Evaluating Dispatch Software for Fuel Distribution


Investing in a fuel dispatch software is a make-or-break decision that can’t be left to chance. The wrong choice can lead to operational chaos and significant upfront expenses – a challenge faced by many fuel distributors using outdated legacy softwares.

So, we wrote this short guide to help you choose the right dispatch software and save you millions of dollars. Here are 12 factors you must consider:

  1. Support for multiple business lines: As you expand your business lines to cater to multiple products and services (lubricants, transport, wet hosing etc) your dispatch software should be able to provide a single platform to run operations across all your business lines.
  2. Product Flexibility and Customization: Every business is different. It’s vital to have software that can be customized to fit your existing processes – something which legacy systems fail to provide with their one-size fits all approach.
  3. ‘True Cost of Ownership’: Don’t get swayed by low upfront costs. Consider the additional maintenance, support, training, upgrades or any other additional hardware or infrastructure costs you might have to incur.
  4. Implementation timelines: Implementation and adoption are common hurdles with legacy Teams have to wait for months and years (after they have paid the money) to get the software up and running. One thing you can consider – flexible architecture of cloud-based systems with in-depth training and support makes it easier to implement and use.
  5. Customer Support: You should be able to solve all your queries just by lifting the phone. Most fuel marketers have been let down by the slow to no-response from legacy Be sure to ask around about the support team’s responsiveness – not just during the buying stage but also post-implementation.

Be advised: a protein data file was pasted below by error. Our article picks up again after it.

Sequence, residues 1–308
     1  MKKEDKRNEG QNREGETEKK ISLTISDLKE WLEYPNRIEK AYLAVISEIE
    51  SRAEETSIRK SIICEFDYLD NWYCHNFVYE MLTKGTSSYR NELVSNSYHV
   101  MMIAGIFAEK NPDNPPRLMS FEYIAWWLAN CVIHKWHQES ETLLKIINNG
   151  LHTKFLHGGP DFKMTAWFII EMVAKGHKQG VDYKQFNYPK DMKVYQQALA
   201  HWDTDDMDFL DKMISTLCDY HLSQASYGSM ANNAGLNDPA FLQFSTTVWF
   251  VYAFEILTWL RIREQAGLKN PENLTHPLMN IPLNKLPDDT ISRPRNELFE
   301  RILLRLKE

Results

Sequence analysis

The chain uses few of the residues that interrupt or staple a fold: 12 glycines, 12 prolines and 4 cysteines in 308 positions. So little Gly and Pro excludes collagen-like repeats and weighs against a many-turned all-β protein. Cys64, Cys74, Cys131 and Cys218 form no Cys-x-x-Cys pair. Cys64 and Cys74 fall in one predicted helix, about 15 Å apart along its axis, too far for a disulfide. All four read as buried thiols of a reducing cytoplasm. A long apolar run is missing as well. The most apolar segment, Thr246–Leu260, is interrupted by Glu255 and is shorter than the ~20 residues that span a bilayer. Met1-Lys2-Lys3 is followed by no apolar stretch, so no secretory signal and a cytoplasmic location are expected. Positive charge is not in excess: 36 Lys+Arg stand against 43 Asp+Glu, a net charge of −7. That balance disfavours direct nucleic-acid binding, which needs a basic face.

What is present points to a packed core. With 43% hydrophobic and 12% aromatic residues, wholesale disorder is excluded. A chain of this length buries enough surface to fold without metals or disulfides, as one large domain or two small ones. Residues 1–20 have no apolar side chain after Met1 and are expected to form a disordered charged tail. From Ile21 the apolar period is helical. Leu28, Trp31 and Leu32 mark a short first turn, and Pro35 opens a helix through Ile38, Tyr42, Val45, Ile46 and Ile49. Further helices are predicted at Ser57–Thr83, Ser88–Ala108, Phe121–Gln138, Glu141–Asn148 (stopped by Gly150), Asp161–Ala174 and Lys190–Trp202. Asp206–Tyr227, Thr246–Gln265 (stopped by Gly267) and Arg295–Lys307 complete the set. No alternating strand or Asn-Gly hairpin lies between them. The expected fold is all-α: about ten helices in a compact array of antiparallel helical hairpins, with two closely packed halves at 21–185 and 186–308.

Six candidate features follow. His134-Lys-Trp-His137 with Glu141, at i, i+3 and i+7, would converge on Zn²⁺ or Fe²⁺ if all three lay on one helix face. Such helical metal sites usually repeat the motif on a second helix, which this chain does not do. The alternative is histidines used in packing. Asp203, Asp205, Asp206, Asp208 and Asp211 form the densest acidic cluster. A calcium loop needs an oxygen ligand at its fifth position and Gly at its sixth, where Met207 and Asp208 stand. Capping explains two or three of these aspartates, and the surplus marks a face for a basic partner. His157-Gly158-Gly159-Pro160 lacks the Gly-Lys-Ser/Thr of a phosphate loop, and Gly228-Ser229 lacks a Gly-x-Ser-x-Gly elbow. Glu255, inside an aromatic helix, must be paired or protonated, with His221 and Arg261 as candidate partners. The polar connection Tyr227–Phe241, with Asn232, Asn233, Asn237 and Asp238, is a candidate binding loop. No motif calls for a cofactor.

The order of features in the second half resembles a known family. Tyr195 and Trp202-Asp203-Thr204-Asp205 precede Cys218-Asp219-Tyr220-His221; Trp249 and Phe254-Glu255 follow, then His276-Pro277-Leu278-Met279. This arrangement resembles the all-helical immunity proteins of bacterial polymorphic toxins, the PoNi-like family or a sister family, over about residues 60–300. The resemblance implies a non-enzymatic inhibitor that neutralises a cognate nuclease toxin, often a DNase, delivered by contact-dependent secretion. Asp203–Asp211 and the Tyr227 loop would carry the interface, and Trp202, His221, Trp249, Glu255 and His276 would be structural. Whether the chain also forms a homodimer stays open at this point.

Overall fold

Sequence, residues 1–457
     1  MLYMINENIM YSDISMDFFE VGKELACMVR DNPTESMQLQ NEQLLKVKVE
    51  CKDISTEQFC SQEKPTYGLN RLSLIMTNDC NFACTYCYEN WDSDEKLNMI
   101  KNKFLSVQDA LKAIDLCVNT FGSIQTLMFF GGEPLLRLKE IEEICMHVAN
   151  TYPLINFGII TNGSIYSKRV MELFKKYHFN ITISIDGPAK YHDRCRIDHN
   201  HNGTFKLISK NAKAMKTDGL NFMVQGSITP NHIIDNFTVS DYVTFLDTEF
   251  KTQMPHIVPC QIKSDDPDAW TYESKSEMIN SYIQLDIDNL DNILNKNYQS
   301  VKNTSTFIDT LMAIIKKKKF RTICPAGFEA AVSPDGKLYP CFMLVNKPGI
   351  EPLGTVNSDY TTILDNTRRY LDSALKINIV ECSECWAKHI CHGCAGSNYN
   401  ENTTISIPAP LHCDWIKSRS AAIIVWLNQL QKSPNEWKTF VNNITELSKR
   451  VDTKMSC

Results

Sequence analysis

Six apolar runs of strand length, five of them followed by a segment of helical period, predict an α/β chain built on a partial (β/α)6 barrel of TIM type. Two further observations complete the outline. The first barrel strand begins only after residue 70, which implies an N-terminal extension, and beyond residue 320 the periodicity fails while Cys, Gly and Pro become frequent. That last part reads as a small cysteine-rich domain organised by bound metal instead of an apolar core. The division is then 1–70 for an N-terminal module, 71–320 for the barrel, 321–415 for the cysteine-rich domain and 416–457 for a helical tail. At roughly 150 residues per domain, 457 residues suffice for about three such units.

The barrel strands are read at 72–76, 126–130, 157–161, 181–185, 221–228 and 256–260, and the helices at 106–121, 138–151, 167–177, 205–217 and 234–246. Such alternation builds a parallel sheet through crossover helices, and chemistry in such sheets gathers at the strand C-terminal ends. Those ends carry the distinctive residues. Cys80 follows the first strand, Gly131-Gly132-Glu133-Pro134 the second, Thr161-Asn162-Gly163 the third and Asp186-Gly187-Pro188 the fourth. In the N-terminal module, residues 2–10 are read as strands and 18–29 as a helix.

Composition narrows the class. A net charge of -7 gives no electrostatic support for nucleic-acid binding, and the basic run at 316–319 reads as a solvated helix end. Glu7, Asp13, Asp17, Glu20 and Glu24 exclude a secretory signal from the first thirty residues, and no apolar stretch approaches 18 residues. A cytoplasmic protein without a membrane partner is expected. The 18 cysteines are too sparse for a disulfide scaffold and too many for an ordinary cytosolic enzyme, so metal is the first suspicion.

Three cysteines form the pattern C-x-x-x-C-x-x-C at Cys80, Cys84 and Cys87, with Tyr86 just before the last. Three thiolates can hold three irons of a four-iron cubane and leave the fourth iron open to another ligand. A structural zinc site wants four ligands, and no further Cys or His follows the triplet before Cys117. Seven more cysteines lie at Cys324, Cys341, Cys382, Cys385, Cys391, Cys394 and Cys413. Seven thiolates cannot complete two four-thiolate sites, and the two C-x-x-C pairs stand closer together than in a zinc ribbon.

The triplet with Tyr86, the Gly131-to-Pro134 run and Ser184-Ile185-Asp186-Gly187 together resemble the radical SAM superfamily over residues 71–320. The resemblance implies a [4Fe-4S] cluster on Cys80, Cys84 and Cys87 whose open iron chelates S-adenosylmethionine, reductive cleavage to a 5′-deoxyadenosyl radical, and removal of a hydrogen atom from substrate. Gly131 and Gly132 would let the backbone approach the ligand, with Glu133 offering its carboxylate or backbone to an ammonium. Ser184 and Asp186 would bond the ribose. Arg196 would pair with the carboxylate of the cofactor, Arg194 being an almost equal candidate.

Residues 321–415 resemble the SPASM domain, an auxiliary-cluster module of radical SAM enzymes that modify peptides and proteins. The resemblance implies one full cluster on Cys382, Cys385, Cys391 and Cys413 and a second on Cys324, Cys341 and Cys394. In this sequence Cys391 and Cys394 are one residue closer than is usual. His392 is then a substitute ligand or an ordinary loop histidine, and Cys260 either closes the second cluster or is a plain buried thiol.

6. Integration Capabilities: For smooth operations, your systems need to talk to each other, enable seamless data flow, create a single source of truth for all your data across systems. Some common integrations you must look at are – back-office/ accounting (PDI, QuickBooks), Tank monitors, LCR Meters and more.
  7. UI/UX: If the software is built on antiquated technology some 40 years ago it’s probably not going to be a hit with your drivers and In the age of Uber and Netflix, the expectations from all software we use have risen up.
  8. Product Velocity: Take a peek at the speed of product improvements. How often are new features introduced? How quick are bug fixes? Are they communicating these to you? These are great signs for a software that’s constantly improving and is responsive to your needs.
  9. Leadership Team: Who you’re getting into business with is pretty critical. Ask the right questions to know if the team is centered on a strong engineering and product background or just a product on maintenance with a battalion of sales folks?
  10. Independent vs acquired company: Independent companies are most likely to be solely focused on your needs. Acquired companies usually shift focus based on the acquiring company’s strategy (e.g., they might prioritize C-Stores and sunset features that are critical to petroleum marketers).
  11. Team Composition: Know the team backing the A solid software company generally has around 50% of its staff as engineers. Do a quick LinkedIn search to see how many engineers are on the team. If all you see are salespeople and consultants, you’ve got to wonder who’s doing the actual coding.
  12. Will the software be a trusted ally for the next 10 years: Investing in a dispatch software is a money, time, and resource commitment – you cannot trust a system that was built decades ago and has no vision for the next 10 years.

A dispatch software is more than just a tool. It’s a partner that shapes your business’s future and that’s why it’s absolutely essential to consider all these factors around scalability, flexibility and cost before you invest precious dollars.


Pavan Maheshwari



(607) 523-4103 – Nikhil Patel